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Wild West - February 2013 - Table of Contents

Originally published on HistoryNet.com. Published Online: November 30, 2012 
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FEATURES

Cover Story
Geronimo: Apache Shaman
By Edwin R. Sweeney
Best known for raiding settlers and eluding the U.S. Army, the legendary Chiricahua warrior also possessed supernatural power as a healer

The Buffalo Soldiers Who Rode Bikes
By David McCormick
When Lieutenant James Moss told his 20 buffalo soldiers to mount up for the trek from Missoula, Mont., to St. Louis, they climbed up on bicycle seats instead of saddles 

Major Llewellyn: In Good Company
By R.K. DeArment
The lawman and Indian agent counted among his friends Theodore Roosevelt, Pat Garrett, Boone May and James L. "Whispering" Smith

Death of Deadwood's China Doll
By Jerry Bryant and Bill Markley
What brought the beautiful Chinese woman Di Lee to rough-and-tumble Deadwood is a mystery—but not nearly as mysterious or unsettling as her brutal murder in 1877

Minding the Mines
Pictorial by Bob Stinson
The Western mining heyday is long gone, and not everything panned out, but travelers can still get a rush by visiting these mines that have been turned into Wild West attractions

 

DEPARTMENTS  

Editor's Letter

Letters

Roundup
Author Edwin R. Sweeney's Top 10 Chiricahua Apaches of the 19th century, Buffalo Bill in Scotland, Billy the Kid in Jeopardy, a Lakota burial, Russell Means' death, a film called Hardin and The Rifleman's Johnny Crawford

Interview
By Johnny D. Boggs
Paul Magid's fascination with General George Crook has won him a 2012 Western Writers of America Spur Award for best Western nonfiction biography. And he's hard at work on Vol. II

Westerners
Beginning in 1881 tourists at Yosemite could ride a stagecoach through a tunneled-out sequoia

Gunfighters and Lawmen
By Les Kruger
The Butler ranching family had trouble with flying lead when they went to town, namely Helena, Texas—but the fight of their life came in nearby Daileyville

Pioneers and Settlers
By Carole Nielson
Settlers in Oregon's Rogue Valley threatened to tar and feather or even lynch John Beeson for his outspoken advocacy of Indian rights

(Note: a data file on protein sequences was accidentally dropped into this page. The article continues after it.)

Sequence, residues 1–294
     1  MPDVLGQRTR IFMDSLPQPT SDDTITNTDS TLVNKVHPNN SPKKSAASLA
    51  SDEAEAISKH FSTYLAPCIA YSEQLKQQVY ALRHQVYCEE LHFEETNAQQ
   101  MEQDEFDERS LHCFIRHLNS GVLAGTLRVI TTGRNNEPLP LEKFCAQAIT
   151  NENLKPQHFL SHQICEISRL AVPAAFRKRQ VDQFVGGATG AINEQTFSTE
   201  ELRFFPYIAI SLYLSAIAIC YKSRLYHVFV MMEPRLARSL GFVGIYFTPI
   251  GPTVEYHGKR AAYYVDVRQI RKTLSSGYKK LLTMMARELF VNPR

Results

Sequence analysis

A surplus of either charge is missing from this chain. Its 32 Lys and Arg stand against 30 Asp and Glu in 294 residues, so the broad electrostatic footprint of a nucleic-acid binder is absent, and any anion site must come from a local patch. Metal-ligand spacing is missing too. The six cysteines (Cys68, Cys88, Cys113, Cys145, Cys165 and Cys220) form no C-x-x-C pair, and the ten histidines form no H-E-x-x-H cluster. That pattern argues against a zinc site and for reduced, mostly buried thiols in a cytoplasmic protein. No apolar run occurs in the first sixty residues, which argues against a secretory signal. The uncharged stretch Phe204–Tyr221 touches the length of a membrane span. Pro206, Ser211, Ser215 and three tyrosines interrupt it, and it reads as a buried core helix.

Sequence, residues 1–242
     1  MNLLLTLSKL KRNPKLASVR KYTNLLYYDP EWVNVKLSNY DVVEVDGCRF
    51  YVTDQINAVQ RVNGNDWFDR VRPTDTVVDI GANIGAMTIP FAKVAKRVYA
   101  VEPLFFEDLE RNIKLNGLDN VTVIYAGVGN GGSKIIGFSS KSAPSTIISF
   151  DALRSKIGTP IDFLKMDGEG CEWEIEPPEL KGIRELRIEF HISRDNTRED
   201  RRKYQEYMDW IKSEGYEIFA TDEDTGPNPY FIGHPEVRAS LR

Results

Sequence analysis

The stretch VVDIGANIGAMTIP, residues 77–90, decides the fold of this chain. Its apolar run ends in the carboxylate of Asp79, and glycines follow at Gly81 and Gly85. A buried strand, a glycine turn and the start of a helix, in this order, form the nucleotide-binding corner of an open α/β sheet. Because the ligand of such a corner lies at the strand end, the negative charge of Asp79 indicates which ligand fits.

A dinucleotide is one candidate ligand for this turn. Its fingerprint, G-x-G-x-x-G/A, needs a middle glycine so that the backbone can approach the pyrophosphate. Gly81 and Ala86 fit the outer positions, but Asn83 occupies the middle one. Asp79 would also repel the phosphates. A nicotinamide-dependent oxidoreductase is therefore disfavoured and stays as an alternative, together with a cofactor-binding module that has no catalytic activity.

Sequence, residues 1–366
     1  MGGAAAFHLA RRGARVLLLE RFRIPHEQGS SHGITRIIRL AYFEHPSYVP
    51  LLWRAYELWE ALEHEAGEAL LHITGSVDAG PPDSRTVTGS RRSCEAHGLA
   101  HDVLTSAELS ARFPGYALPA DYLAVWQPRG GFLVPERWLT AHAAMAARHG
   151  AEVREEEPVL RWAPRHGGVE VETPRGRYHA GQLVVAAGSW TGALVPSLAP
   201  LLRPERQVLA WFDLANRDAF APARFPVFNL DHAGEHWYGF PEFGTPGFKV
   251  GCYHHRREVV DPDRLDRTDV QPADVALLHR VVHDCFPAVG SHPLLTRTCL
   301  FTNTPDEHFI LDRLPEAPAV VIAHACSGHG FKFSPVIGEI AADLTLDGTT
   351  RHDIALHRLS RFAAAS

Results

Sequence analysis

Indian Life
By John Koster
His boyhood name was Plenty Kill, but when a student at the Indian school in Carlisle, Pa., he went by the less-menacing name Standing Bear

Art of the West
By Johnny D. Boggs
Raised on a ranch in eastern New Mexico, sculptor Curtis Fort is best known for his cowboy scenes, but Return of the Hunters focuses on Plains Indians

Western Enterprise
By Kim Mariette
Funerals in the frontier West were usually simple affairs, but with the arrival of the hearse, the business of death made for a pretty decent living

Ghost Towns
By Les Kruger
Travelers between San Antonio and Goliad once found plenty of supplies and sometimes a little trouble in Helena, Texas

Collections
By Linda Wommack
In the shadow of St. Louis' Gateway Arch, the Museum of Westward Expansion opens a door on the early Western experience

Guns of the West
By Lee A. Silva
On April 3, 1855, Rollin White secured a U.S. patent for the newfangled cartridge revolver, and the firearms industry was soon up in arms

Reviews
Author Edwin R. Sweeney assesses Geronimo books and movies through the years, plus reviews of recent books, including preeminent historian Robert Utley's biography Geronimo

Go West!
Utah's heaven-sent Little Cottonwood Canyon

 

On the Cover: A. Frank Randall took this photograph (later colorized) of Geronimo holding a Springfield carbine at the San Carlos Apache Indian Reservation in Arizona Territory in 1884. (Image: ©Bettmann/Corbis)

ONLINE EXTRAS

Discussion: Geronimo was a shaman as well as a war leader and perhaps the most famous of all American Indians, yet Apache authority Edwin Sweeney places him only No. 10 in his rankings of the most important Chiricahua Apaches of the 19th century. Where does Geronimo rate on your all-American Indian list?

Miles, Gatewood and Geronimo
In the feature "General Nelson Miles and the Expedition to Capture Geronimo," award-winning author Louis Kraft reveals how much Miles relied on Lieutenant Charles Gatewood to help complete the dangerous mission

Buffalo Soldiers in Utah Territory
When Major Frederick Benteen and 75 buffalo soldiers arrived in Utah Territory in August 1886, the white soldiers already there, fearing a Ute attack, welcomed the reinforcements

 

 



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